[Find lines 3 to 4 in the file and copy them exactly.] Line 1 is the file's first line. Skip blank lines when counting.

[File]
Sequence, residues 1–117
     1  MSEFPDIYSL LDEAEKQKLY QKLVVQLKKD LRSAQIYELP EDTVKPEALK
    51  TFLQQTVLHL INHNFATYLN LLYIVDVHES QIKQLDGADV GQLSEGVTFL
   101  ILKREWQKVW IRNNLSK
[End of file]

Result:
    51  TFLQQTVLHL INHNFATYLN LLYIVDVHES QIKQLDGADV GQLSEGVTFL
   101  ILKREWQKVW IRNNLSK